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Best white beans for canning

Posted by pixie_lou 5 (My Page) on
Mon, Feb 3, 14 at 7:40

I've canned many a bean in my day. Dried beans, plain. But yesterday was my first time canning white beans. I used canellini beans. They turned to mush in the canner. Even with the addition of pickle crisp. Is there another white bean that holds up better in the canning process? I use the NCHFP quick soak instructions, with the addition of 1/4 tsp of pickle crisp per quart.

Follow-Up Postings:

RE: Best white beans for canning

We prefer Great Northern here. They don't break down quite as much as Canellini but will still mush somewhat. FAIK it is just the nature of the white varieties - they are softer.

The best variety wife and I have found for canning is Anasazi (a mixed red and white color). They taste great, are easier to digest (less gassy), and hold up well to the PC.

Like you we add Pickle Crisp to all our canned beans.


RE: Best white beans for canning

Pardon me for asking, but I'm curious, why would you can dried beans instead of just cooking them when you are ready to use them?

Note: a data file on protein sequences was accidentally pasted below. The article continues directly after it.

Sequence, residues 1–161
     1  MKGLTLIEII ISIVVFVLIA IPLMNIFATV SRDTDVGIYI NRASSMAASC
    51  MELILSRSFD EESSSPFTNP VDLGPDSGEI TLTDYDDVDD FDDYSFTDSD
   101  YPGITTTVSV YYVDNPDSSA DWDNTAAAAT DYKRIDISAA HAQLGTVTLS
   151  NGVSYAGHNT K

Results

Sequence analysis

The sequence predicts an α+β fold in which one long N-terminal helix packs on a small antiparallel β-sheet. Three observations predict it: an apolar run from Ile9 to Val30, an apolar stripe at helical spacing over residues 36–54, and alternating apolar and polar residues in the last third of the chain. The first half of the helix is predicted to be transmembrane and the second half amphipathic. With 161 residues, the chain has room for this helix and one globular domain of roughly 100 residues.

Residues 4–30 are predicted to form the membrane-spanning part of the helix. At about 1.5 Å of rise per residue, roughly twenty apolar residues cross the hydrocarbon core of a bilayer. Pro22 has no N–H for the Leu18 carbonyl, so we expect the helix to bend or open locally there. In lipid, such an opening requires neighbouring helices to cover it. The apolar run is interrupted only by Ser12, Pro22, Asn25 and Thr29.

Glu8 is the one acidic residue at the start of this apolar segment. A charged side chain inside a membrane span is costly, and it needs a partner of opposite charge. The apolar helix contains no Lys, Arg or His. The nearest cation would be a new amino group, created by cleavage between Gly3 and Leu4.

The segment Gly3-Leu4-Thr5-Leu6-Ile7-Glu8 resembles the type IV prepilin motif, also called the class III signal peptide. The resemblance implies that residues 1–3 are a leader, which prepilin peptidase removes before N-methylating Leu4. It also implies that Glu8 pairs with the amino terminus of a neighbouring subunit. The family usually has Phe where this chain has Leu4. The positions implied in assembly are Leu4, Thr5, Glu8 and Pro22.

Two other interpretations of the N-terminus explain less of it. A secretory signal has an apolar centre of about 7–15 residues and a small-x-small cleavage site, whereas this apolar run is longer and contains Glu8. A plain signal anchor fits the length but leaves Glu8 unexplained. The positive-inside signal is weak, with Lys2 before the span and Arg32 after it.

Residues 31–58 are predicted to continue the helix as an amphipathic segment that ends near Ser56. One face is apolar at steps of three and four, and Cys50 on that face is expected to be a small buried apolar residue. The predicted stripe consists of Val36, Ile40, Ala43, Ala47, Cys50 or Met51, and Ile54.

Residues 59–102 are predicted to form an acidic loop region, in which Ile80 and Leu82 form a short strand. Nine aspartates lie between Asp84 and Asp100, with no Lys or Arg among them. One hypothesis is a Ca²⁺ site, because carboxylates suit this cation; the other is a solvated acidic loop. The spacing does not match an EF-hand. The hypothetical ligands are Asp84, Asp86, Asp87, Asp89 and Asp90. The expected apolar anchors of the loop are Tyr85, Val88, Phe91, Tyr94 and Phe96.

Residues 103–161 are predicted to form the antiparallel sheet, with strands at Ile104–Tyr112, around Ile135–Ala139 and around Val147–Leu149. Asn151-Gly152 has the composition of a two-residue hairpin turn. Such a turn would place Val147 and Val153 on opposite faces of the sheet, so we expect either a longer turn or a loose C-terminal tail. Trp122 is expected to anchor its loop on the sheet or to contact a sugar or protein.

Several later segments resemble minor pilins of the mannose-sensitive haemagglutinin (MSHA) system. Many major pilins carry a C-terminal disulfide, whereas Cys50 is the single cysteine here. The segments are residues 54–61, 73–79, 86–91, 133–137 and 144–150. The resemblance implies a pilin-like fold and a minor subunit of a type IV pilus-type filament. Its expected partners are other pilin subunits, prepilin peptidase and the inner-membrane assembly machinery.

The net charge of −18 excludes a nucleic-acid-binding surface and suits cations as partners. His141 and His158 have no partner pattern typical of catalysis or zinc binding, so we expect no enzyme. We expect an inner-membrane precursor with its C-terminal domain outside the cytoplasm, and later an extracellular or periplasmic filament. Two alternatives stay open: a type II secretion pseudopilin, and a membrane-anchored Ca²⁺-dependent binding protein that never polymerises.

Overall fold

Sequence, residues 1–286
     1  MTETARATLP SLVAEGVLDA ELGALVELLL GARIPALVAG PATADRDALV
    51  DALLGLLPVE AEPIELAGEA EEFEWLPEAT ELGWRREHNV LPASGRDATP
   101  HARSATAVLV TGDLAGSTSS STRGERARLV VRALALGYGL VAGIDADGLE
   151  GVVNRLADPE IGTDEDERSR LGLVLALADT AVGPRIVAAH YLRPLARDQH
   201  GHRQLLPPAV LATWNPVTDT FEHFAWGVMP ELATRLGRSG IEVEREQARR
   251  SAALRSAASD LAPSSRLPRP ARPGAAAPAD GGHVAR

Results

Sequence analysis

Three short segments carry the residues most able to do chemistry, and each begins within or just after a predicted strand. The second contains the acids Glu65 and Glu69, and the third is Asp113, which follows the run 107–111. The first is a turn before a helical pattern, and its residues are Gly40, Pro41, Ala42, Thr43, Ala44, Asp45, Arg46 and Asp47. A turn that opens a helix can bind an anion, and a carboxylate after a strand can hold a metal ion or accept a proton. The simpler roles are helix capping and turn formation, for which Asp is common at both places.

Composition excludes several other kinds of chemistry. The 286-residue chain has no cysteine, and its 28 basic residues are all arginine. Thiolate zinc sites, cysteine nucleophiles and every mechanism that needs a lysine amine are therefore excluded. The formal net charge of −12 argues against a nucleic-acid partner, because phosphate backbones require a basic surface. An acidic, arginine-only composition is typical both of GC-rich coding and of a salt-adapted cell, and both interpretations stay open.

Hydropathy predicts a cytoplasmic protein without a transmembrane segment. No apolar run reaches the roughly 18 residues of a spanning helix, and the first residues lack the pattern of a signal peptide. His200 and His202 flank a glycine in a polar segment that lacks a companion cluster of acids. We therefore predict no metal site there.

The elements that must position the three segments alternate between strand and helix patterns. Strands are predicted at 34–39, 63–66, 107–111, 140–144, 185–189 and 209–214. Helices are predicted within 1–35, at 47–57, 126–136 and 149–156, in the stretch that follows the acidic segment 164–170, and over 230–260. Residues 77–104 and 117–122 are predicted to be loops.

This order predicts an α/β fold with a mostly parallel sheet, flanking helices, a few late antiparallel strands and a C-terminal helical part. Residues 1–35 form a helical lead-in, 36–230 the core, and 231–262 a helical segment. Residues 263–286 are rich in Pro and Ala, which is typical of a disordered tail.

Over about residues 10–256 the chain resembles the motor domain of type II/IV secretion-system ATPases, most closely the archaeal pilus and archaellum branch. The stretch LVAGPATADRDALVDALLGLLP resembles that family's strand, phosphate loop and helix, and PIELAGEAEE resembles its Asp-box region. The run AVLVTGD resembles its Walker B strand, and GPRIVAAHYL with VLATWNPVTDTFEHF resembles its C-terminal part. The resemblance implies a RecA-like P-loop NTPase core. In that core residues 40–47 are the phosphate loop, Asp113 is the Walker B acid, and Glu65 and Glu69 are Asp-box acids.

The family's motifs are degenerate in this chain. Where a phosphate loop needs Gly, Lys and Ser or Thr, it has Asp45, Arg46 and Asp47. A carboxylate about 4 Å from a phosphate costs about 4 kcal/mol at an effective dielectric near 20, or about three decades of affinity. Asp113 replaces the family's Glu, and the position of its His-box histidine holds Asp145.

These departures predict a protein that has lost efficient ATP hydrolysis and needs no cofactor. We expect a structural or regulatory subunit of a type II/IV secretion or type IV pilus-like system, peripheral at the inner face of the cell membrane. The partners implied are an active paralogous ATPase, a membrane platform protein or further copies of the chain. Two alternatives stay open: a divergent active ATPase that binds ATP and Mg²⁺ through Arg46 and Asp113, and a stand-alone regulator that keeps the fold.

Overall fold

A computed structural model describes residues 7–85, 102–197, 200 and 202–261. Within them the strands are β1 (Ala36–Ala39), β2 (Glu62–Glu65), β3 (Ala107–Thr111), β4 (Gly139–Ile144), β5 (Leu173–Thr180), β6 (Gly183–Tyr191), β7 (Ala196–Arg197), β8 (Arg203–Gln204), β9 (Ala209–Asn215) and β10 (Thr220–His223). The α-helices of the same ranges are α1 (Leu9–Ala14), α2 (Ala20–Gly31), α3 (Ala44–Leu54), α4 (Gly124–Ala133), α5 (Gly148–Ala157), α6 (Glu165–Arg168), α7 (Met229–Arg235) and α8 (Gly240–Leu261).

For a quick meal maybe?

I agree with Dave on his preference of the Great Northern beans. I think they are the best tasting white bean.

I like the Anasazi also, but I can't tell much difference on the "gassy" part, I love beans, but I can look at a bean and get gas! ;)

That reminds me, I need to order some Anasazi seed, I lost mine last summer due to the cool wet weather.

RE: Best white beans for canning

would you can dried beans instead of just cooking them when you are ready to use them?

It is a question we get here often and the answer is always once you try it you'll never go back to just keeping dried ones.

Fast meal prep times, improved flavor, ease of use, much longer shelf life than dried, ready-to-eat, greater recipe flexibility for use, etc,


RE: Best white beans for canning

much longer shelf life than dried? I thought dried lasted nearly forever, no?

I just did my very first pressure canning, and I'm ready to branch out. I've got so many dried beans from my garden, and never end up eating them because of how long they take to cook.

"improved flavor" -- so they actually taste better if you can them first?

Anybody ever can Vermont Cranberry -- do they fall apart?

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